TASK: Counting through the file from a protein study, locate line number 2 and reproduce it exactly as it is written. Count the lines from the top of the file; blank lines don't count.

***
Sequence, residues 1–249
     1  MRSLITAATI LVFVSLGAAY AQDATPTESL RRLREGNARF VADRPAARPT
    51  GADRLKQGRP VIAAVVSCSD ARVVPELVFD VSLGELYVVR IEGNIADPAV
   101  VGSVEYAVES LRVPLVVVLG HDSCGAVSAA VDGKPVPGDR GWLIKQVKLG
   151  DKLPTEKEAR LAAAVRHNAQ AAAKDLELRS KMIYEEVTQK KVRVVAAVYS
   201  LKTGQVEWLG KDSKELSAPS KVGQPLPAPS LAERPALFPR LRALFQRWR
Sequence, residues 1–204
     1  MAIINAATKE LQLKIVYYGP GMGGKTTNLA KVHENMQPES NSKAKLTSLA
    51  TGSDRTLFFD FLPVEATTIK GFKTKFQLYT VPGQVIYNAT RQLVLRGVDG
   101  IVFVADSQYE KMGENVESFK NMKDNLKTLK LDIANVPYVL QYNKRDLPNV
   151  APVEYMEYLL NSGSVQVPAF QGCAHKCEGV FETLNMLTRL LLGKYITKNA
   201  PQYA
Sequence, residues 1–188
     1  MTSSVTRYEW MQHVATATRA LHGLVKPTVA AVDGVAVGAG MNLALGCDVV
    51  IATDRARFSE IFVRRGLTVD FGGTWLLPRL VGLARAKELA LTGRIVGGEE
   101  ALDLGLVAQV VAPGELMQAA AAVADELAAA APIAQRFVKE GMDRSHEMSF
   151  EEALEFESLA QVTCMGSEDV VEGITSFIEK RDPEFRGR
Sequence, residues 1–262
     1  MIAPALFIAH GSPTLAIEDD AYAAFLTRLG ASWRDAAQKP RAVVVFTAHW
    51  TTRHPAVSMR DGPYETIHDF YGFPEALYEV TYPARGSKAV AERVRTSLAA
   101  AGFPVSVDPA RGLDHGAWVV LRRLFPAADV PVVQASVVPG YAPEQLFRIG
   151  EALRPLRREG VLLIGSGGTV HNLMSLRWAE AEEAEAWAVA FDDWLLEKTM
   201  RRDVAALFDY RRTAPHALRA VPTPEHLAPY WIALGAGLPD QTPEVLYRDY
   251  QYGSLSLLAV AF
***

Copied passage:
     1  MRSLITAATI LVFVSLGAAY AQDATPTESL RRLREGNARF VADRPAARPT